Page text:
The French submarine Surcouf was commissioned in 1927 and launched in 1929 and it was a marvel of its day, designed as an underwater “corsair” – a ship capable of fighting with surface ships in limited gunnery duels as well as carrying torpedoes aboard and a fully functional seaplane for both reconnaissance and possibly even airstrikes against surface ships.  Why the Surcouf was built though is a fascinating story of the interwar years, a spirit of experimentation, fueled by the Washington Naval Treaty of 1922.

The Washington Naval Treaty of 1922 limited the number, size, and firepower of surface ships that its five signatory nations could possess, however the treaty but no limitations upon submarine design, as they were seen as an emerging technology.  During the treaty negotiations the British did attempt to have limits regarding submarines conduct on the high seas included in the treaty, arguing that submarines could only attack merchant shipping if they first surfaced and declared their intention, ensured the safe escape of the crew or provided accommodations to take the crew prisoner, and ensured the merchant ship was carrying actual military items.  It didn’t get added to the treaty but was accepted as the “proper” means of conducting anti-commerce raiding by submarines in a civilized manner, the British government argued that such an agreement would make submarines as commerce raiders effectively useless, since they would have to surrender some of the key advantages that made them effect weapons:  surprise and stealth.

The French built the Surcouf with the following additional enhancements:  a motor launch to convey landing parties from the ship, it carried aboard it a compliment of marines, and had a cargo hold with fittings to contain up to forty prisoners.  Although the French never clearly articulated the point it seems likely the Surcouf was built in part as a response to the British commerce raiding standards to prove that the a submarine could be built that could meet the standards and still be effective.  Against commercial shipping, had it ever been deployed, it is likely the Surcouf would have been a devastating lone wolf hunter.  Doubly so if you consider that the Washington Naval Treaty of 1922 did limit nations from arming merchant vessels beyond minimal “defensive” armaments that the Surcouf would have been able to successfully face.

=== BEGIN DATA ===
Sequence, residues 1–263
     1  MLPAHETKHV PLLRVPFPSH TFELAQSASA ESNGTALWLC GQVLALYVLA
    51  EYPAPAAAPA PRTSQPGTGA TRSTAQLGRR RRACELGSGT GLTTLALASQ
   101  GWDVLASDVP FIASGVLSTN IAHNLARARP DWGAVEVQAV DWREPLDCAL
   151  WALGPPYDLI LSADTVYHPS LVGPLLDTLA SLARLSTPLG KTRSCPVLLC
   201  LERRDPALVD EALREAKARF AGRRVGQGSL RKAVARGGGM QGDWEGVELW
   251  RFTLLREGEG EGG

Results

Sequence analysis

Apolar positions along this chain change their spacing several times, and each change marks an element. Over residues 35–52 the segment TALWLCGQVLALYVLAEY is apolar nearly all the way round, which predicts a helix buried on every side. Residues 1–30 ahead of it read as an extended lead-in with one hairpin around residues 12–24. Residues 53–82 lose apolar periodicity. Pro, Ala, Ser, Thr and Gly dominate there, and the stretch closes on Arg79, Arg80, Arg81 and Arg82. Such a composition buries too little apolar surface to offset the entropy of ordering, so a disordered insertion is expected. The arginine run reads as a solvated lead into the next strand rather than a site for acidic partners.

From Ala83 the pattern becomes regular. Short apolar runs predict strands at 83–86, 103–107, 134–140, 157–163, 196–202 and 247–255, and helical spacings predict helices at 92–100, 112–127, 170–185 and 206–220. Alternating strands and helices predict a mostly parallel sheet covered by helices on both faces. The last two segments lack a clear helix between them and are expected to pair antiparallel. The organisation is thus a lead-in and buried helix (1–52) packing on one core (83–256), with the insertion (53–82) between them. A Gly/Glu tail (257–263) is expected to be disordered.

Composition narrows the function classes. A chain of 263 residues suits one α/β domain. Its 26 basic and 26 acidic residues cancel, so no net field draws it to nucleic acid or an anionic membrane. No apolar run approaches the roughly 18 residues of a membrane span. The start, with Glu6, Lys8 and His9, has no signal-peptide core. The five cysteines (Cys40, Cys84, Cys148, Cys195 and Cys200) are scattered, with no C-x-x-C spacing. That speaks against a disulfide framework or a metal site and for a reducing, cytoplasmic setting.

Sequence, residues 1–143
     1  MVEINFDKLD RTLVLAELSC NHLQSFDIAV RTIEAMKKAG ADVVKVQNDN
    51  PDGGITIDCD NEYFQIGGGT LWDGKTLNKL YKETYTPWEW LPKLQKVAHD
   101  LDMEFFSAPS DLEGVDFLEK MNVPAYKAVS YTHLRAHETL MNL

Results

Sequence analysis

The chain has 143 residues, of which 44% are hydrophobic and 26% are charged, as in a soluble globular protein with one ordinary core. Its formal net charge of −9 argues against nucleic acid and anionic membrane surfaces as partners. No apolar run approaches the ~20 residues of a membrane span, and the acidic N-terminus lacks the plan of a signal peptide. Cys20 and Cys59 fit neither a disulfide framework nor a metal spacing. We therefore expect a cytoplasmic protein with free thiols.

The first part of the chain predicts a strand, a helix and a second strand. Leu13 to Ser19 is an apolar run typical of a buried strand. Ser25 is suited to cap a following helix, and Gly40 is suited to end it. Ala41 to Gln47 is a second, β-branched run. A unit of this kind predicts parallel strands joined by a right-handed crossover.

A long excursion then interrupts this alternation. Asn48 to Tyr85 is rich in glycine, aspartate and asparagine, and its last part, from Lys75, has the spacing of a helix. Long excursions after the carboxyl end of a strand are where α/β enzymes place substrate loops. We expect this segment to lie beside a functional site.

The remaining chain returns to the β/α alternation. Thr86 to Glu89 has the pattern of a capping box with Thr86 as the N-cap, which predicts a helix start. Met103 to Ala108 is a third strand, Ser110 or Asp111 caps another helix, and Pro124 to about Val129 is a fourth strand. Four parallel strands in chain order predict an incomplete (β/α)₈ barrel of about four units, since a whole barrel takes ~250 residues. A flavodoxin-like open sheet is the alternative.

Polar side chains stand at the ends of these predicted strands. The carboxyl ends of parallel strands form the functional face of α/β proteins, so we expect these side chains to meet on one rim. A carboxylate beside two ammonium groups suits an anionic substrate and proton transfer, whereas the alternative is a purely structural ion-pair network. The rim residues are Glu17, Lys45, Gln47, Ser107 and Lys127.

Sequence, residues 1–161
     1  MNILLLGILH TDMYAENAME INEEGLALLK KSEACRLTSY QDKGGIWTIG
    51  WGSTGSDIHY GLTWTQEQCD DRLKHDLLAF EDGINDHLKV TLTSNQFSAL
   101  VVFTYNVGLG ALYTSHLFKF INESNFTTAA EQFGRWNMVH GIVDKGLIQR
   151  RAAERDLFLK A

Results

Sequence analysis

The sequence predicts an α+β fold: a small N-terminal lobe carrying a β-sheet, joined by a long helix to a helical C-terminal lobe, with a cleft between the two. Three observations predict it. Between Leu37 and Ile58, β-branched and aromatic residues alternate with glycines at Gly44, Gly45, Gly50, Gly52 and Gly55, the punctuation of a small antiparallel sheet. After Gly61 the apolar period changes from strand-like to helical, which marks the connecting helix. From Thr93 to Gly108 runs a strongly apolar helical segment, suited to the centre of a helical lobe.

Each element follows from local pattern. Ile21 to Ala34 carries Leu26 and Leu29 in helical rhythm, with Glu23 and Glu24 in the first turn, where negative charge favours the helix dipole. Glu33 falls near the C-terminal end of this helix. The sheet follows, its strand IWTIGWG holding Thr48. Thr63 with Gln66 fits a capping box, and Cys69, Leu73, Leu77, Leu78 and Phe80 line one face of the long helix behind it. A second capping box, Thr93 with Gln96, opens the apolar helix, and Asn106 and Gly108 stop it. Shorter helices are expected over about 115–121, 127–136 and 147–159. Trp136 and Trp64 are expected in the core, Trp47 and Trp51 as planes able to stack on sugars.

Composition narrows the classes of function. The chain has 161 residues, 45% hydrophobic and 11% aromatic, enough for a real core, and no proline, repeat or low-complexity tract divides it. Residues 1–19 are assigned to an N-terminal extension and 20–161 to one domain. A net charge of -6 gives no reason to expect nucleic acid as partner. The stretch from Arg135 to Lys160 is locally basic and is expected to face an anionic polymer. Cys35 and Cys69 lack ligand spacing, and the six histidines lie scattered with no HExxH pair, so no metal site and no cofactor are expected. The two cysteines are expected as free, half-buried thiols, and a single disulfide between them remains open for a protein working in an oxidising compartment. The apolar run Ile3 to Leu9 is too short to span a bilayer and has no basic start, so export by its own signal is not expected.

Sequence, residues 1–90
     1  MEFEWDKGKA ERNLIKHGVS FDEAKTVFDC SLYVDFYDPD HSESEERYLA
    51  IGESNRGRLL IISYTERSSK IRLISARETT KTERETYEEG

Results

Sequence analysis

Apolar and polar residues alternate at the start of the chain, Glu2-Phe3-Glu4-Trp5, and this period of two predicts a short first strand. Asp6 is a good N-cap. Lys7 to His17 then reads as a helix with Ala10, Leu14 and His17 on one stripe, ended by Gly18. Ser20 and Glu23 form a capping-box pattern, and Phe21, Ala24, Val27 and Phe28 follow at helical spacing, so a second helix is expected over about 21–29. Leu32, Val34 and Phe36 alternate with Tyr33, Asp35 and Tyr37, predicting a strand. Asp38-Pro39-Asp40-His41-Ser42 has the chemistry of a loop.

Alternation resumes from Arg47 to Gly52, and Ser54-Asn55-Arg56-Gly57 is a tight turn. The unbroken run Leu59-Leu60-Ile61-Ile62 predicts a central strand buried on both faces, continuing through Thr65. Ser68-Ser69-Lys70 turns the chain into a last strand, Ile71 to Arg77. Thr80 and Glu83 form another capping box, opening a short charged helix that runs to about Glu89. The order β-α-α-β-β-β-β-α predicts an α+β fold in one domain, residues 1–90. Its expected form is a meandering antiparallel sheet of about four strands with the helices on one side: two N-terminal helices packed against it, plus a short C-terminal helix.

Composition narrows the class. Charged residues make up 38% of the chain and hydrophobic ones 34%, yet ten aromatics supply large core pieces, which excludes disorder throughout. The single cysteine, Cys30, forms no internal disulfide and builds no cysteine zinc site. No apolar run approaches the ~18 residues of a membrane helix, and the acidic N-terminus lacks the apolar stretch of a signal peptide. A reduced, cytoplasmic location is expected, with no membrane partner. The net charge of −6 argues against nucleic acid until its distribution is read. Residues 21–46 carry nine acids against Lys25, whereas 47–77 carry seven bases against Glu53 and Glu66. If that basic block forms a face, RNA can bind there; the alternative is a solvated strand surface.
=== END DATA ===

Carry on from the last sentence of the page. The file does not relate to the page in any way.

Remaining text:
surcouf_peinture_2

Sadly the Surcouf never got the chance to try its chops against commercial shipping or military ships, it never saw service during the interwar period and when Germany invaded France in 1940 it was undergoing repairs in Brest, it made it to England to seek shelter during the war.  The British promptly impounded the ship and later turned it over to the Free French under Charles De Gaulle – where it was used as a warship in the French French Navy, specifically as a secret troop transport in early Free French military landings in two tiny French islands off Canada.  It was lost, tragically, in 1942 – the exact reason is unknown but the most likely reason is mishap at sea, specifically accidentally rammed by a freighter traveling in the Pacific.  The Surcouf was one of the largest submarines afloat at the time but was not the only aircraft carrier submarine experiments – the United States, Great Britain, and Japan all toyed with the idea.

The Japanese though took it the furthest, the subject of a future entry that will touch on a special class of Japanese aircraft carrier submarines and a secret plan to attack the Panama Canal at the end of the war….

Sources:  Wikipedia entry on the Surcouf 

How Cost-Plus Contracts Changed America

Monday, March 10th, 2014

415px-Henry_Stimson,_Harris_&_Ewing_bw_photo_portrait,_1929